BBC farming journalist, Anna Jones, visited beef cattle ranchers in the US – she shares their perspectives on the British horror at hormone-fed intensive beef…
Wow. It really kicked off didn’t it? BBC One’s ‘Meat: A Threat to Our Planet?‘ made the front page of the Farmers’ Guardian, seemed to be trending on Twitter for days and was a hot topic of conversation at last week’s Nuffield Farming Conference. I almost missed the lunch buffet because so many people stopped to ask my opinion on it and share theirs.
I sensed a great fear among farmers that they might get tarred with the same dirty brush as those filthy American ranchers. With their feedlots and rainforest destruction. It caused an almighty ruckus. Collective outrage. How very dare you BBC!
But the whole time I couldn’t help but think to myself: “Why are you all so annoyed? Imagine if you were an American rancher.”
I watched ‘Meat: A Threat to Our Planet?’ just days after interviewing a US meat trade analyst and a South Dakota cattle rancher about hormone beef and trade deals for Radio 4’s Farming Today.
Unlike British farmers who get very upset at the idea of people rejecting meat and were outraged at the BBC before they’d even seen Liz Bonnin dig around in a live cow’s stomach, American ranchers and beef trade people always appear ‘unruffable’ in the face of intense criticism.
Cheerily relaxed, they have unwavering self-belief. The question in their minds is not: “Why would the UK want our intensive feedlot-finished, hormone beef?” But: “Why wouldn’t they want it?”
“No problem – we’ll give you hormone-free beef”
The Americans have reached a ‘beef plateau’ at home. The point at which per capita beef consumption has levelled out at 26kg (for each of the 327 million people who live in the States).
They can’t expect loyal American consumers to physically shove any more beef into their mouths, so they’re looking out from their lofty plateau towards the horizon for new markets. For people in need of beef.
There, on the other side of the Atlantic, lies a tiny island whose people consume a piddly 18kg of beef a year. Perfect. Sure, the Brits have a few concerns about hormone implants, but the Americans don’t sweat it: “Hey, if you don’t like it – we’ll just sell you some hormone free beef! Grass-fed too if you want it?”
You see, whinging is not the American way. They’ll beat you down with positivity instead – bucket loads of positivity.
Their pride and patriotism gives them confidence
In 2017, I attended the South Dakota Cattlemen’s Convention and it was a real education in this mentality of unruffable pride and patriotism (with subtle undertones of “we don’t care what you think”).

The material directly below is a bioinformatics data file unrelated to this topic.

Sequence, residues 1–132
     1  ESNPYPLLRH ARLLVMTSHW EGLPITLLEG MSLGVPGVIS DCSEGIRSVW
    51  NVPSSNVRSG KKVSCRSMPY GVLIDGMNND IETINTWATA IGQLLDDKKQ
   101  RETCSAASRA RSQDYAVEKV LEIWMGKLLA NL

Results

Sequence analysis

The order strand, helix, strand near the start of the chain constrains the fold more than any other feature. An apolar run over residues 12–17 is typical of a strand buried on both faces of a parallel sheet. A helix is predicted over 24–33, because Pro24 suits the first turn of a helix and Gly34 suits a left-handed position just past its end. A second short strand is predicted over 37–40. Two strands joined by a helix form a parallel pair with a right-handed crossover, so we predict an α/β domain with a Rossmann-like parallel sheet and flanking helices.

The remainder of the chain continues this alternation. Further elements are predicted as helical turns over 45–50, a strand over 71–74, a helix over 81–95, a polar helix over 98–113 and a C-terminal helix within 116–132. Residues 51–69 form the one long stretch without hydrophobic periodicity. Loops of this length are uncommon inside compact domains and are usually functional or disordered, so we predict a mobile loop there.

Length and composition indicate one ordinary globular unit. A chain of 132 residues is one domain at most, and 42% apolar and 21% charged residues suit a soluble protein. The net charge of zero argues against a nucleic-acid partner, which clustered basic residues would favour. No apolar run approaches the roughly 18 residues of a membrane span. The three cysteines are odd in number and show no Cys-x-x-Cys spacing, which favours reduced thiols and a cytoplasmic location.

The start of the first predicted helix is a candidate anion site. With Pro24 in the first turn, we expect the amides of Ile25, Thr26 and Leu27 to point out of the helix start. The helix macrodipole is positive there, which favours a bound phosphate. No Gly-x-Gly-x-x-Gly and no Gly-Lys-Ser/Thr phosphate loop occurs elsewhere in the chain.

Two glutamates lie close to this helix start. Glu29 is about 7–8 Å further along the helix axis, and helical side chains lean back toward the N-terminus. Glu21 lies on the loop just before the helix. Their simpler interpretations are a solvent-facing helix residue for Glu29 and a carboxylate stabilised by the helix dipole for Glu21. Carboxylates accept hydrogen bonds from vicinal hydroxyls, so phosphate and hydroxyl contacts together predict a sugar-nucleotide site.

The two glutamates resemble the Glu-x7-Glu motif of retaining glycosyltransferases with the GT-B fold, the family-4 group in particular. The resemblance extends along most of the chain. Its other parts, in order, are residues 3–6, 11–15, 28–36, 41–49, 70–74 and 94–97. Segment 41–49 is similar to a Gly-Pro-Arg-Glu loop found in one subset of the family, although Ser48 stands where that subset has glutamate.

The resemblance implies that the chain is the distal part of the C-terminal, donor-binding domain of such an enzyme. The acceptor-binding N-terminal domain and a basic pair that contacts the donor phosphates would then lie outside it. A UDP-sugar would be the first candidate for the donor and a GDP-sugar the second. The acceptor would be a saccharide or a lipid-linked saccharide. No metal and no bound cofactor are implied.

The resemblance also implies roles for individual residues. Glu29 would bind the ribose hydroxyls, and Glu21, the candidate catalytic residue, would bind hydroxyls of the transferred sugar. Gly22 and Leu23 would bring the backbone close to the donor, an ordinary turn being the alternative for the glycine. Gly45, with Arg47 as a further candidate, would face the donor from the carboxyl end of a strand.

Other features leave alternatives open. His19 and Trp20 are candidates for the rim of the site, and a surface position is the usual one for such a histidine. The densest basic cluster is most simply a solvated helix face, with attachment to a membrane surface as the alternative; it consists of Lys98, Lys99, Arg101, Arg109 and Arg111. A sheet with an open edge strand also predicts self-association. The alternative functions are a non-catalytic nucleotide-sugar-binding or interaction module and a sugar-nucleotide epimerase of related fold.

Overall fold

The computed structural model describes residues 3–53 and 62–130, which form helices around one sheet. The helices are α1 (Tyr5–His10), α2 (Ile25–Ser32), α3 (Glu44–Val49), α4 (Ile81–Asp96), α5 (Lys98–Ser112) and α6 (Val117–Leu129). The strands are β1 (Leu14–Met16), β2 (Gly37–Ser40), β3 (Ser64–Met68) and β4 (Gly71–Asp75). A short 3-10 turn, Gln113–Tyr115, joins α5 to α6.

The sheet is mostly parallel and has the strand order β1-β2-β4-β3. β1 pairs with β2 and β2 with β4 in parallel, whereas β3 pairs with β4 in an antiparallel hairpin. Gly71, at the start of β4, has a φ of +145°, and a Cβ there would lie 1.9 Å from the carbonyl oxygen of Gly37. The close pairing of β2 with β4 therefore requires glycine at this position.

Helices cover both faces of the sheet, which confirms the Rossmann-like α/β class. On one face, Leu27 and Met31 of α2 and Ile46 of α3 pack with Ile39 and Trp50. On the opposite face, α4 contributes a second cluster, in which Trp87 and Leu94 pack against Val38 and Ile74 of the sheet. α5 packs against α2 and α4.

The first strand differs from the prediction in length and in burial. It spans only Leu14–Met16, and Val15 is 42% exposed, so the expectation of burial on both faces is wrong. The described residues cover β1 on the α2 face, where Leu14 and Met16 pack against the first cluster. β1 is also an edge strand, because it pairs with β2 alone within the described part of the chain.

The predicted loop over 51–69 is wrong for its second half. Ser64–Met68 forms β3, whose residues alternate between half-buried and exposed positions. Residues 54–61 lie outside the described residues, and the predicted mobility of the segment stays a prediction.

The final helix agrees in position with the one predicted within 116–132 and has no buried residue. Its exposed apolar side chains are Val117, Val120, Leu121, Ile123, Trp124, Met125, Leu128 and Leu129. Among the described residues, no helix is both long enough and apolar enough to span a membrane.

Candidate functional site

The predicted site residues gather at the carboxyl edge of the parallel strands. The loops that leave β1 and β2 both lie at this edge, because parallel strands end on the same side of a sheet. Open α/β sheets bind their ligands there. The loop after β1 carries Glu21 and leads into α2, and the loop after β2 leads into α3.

There were free stickers emblazoned with ‘EAT BEEF: THE WEST WASN’T WON ON SALAD’. A politically minded friend of mine later pointed out that, no, The West was won on war and the mass displacement of a native people. Awks.
But there were some really touching sentiments too, like: “The landscape of any farm is the owner’s portrait of himself.”
After dinner, a country and western band sang songs about prairie life, lyrics that brought a tear to my eye:
“Every time I see an eagle wild and free, I pray this way of life will never change.
“And I thank the Lord above I’m on the land I love,
“South Dakota, you’ve been good to me.”
US ranchers are tough
And I admire them for that. Because it’s not easy being an American rancher.
Far from the image of “beef barons” and “industrialised global agriculture”, these are ordinary people living on the land in ways we would struggle to in the UK.
Isolated ranches in depopulated and deprived rural communities. Hours away from a hospital; even a grocery store. Local government don’t even maintain the roads, let alone collect the garbage. I stayed on a ranch where they had drilled their own borehole and engineered their own water filtration system, and built a road into town (yes, a road).
British farmers complain about not being represented fairly. Try being a Midwestern cattle rancher! You live on the Great Plains – under the darkest night sky I’ve ever experienced – raising cattle on native prairie grasses.
Many ranchers still round the herd up on horseback. They live modestly, go to church, hardly drink alcohol, grow their own vegetables and eat their own animals. It’s self-sufficiency beyond anything the majority of us – including farmers – know in the UK.
Yes, they castrate and brand their calves without aesthetic, give them hormone implants, send them away – often many miles – to be finished intensively in feedlots and fed enormous (and probably unsustainable) quantities of grain. That’s also true.
But it’s not a simple picture. It’s not black and white. It’s not good or bad.
I’ve eaten certified Angus steak (with hormones), grilled medium rare on a barbecue overlooking the South Dakota prairie at sunset. Pink, juicy and delicious. It was like a cartoon steak. You know, the sort of big juicy T Bone that dogs dream about in thought bubbles. And each steak is as delicious as the last. Scarily reliable uniformity.
As a beef farmer’s daughter, I worry. Because it will sell itself on the British supermarket shelf – hormones or no hormones.
And maybe that’s why the Americans are still smiling. They let their beef do the talking.
Can we do the same?